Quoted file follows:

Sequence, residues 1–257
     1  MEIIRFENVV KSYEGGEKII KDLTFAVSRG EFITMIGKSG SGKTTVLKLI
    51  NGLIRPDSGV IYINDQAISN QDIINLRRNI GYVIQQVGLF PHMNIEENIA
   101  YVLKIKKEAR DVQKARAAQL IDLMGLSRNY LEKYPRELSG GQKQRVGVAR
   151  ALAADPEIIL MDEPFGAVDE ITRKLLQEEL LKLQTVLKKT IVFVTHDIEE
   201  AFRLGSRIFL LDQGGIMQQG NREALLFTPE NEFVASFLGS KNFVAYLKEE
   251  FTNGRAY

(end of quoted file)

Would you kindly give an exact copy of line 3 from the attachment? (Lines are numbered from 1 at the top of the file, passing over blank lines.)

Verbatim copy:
    51  NGLIRPDSGV IYINDQAISN QDIINLRRNI GYVIQQVGLF PHMNIEENIA